And here is an irony: Britain in 1966 halted Yakubu Gowon from restructuring Nigeria. On the other hand, Britain had no qualms to restructure itself to preserve its genuineness and oneness as a country. About 50 years ago, following the discovery of oil in the North Sea, Scots commenced agitation not only for the control of their resources but, specifically, also, separate parliament. The people of Wales similarly would not be left out. Fifty years later, there are three parliaments in Britain today, products of self-restructuing to preserve the United Kingdom. Even then, the Scots, despite their control of the oil, are still demanding referendum for break-up of the United Kingdom and independent Scotland.
Autonomy in Nigeria is for all.
Chelsea ‘rejects,’ yet so productive
By the next time Chelsea, the reigning European champions, qualify for another final of the competition, the English club won’t feel derogatory to once again be widely considered underdogs. For the second time that unenviable status prevailed, either because their opponents all along underestimated Chelsea or because the status of underdogs precluded adequate assessment of Chelsea’s strength from their opponents. For the second time, Chelsea catapulted from gloom to glory. The first time of that feat was at the finals of the same cup in 2012 in Germany against Bayern Munich.
Even then, any self-prayer as underdogs might not have won the trophy for Chelsea. In 2012, Chelsea had many individual stars. The same could not be said of the latest conquerors of Manchester City. Unlike in 2012, the real winners of the cup for Chelsea in 2021 were the defenders almost as a bloc, much to the surprise of spectators all over the world. Much to their surprise? That stage was set by Chelsea proprietor Roman Abramovich’s dismissal of erstwhile manager, Frank Lampard, some three months ago. That dismissal itself, apart from the clear and seeming foundation for the club’s eventual relegation to the lower division next season, somewhat seemed to have been received by fans wit mixed feelings because Lampad was much loved as a “home grown” ex-Chelsea veteran. But as weeks passed after Lampad, reality dawned on Chelsea fans that Lampad’s dismissal was justifiable.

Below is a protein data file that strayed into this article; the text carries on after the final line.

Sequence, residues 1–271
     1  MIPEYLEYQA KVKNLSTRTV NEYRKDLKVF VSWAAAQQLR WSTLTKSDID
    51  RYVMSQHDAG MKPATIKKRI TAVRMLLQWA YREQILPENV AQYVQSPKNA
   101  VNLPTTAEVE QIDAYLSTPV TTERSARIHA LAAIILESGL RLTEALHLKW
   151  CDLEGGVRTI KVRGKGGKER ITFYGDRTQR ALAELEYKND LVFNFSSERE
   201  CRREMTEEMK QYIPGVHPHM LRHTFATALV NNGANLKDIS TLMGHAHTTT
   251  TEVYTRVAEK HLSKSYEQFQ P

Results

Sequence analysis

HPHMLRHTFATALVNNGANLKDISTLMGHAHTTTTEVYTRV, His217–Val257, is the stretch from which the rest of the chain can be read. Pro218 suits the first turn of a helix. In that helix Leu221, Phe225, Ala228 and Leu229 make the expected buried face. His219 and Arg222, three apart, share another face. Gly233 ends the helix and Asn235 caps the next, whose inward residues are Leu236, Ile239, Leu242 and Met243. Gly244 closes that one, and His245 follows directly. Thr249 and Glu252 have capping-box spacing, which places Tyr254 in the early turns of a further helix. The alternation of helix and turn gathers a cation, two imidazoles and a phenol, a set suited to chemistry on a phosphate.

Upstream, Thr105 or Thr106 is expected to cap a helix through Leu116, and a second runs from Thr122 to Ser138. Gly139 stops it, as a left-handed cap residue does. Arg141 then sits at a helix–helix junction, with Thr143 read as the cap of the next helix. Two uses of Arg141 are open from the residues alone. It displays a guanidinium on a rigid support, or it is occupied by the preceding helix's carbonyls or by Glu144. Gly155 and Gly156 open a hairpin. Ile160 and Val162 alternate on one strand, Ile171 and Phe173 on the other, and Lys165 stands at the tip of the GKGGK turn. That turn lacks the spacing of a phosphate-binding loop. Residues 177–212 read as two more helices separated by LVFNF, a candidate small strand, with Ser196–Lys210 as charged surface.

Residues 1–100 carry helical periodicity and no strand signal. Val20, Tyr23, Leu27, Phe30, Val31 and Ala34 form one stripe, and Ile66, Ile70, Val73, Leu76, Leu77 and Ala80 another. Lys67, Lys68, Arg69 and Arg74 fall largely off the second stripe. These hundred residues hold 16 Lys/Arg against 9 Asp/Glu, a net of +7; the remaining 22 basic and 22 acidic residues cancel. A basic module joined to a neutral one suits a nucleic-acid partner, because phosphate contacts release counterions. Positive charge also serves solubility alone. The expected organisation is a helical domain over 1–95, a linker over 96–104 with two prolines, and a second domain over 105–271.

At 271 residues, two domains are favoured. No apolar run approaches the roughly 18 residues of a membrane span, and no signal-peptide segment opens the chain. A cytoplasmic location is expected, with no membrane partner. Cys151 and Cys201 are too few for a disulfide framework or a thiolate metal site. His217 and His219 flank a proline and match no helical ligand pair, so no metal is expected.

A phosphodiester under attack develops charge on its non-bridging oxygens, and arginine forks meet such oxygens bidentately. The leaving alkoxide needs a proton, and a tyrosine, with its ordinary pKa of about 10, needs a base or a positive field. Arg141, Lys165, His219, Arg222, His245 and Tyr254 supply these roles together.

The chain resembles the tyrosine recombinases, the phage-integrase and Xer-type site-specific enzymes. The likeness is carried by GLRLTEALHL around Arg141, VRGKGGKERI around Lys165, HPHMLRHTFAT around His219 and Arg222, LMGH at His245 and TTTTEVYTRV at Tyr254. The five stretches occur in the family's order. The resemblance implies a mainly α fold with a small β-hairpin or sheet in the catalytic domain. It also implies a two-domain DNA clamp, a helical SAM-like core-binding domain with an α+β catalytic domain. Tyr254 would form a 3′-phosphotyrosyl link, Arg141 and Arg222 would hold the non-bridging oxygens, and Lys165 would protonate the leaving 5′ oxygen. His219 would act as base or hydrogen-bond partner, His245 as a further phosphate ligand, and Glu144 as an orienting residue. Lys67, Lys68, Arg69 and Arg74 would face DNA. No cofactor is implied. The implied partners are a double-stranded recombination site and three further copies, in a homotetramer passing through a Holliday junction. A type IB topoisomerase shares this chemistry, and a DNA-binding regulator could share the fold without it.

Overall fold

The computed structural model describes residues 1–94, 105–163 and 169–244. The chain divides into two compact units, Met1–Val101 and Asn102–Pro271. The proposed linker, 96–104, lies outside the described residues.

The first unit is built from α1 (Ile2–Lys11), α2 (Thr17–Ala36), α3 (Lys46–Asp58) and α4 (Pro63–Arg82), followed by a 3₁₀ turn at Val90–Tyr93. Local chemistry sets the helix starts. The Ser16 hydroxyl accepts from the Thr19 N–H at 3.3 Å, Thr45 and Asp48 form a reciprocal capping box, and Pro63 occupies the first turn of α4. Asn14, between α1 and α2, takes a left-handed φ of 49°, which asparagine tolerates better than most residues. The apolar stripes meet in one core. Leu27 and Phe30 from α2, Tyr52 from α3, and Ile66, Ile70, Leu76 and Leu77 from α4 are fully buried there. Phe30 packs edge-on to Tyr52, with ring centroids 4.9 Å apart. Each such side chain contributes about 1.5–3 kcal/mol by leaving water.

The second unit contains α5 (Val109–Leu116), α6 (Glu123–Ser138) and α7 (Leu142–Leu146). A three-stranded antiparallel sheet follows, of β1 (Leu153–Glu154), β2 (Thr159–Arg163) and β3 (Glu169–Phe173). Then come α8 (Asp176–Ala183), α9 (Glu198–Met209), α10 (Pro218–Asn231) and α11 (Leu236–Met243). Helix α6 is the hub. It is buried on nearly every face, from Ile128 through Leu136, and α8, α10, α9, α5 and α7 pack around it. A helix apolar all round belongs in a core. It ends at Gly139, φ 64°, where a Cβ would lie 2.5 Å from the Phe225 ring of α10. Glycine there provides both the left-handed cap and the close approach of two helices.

What with the total reverse in the club’s fortunes, first to the final of the English FA cup lost to Leicester 1-2. There was also the cut-throat rivalry to qualify for Europe next season. Chelsea lost its final match to Aston Villa but still managed to pip Leicester for the fourth place on the table. Furthermore, Chelsea attained another seeming impossible by eliminating one of the world’s best, Real Madrid, on away and home basis in the semi-final of the European Champion Clubs competition. Yet none of these ever erased Chelsea’s underdog status in the final. For that epic contest, there could not be much hope for these underdogs. However, for Chelsea defenders, the final was a serious business.
Before the arrival of Chelsea manager Thomas Tuchel three months ago, only one Chelsea player, Thiago Silva, was ever a grudging regular and so played by the then manager Lampard. Otherwise, all the other defenders were not only benched but also regularly indicated to the soccer world as sales target next season and regularly identified in the Chelsea-favoured sections of the media. Right back/captain Azplicutia, left back Rudiga, half back Jorginho and midfield holder Ngolo Kante. If these fellows had been benched in the finals against Manchester as Lampad always did, Chelsea would have conceded not less than four goals.
To be fair, Chelsea manager Lampard left his mark. Right half back Reece James, only 21, was a member of Chelsea’s Academy but Lampard discovered him and registered him for that position in the first team. Following that discovery and potential, Reece James was one of those Chelsea outstanding defenders who not only kept their Manchester City opponents at bay but also effectively neutralised the menace of the hungry goal hunters.
Chelsea’s manager Thomas Tuchel? The man who shocked the 2021 soccer world.
Quick from Uganda
That was a quick response from Uganda. Four weeks ago, Nigerian government was chided in this column for allowing itself to be used to shore up the unpopular government in Uganda. Four days ago, Uganda’s transport minister survived assassination attempt at the expense of his daughter and his driver.
Poor lady. May the driver also rest in peace.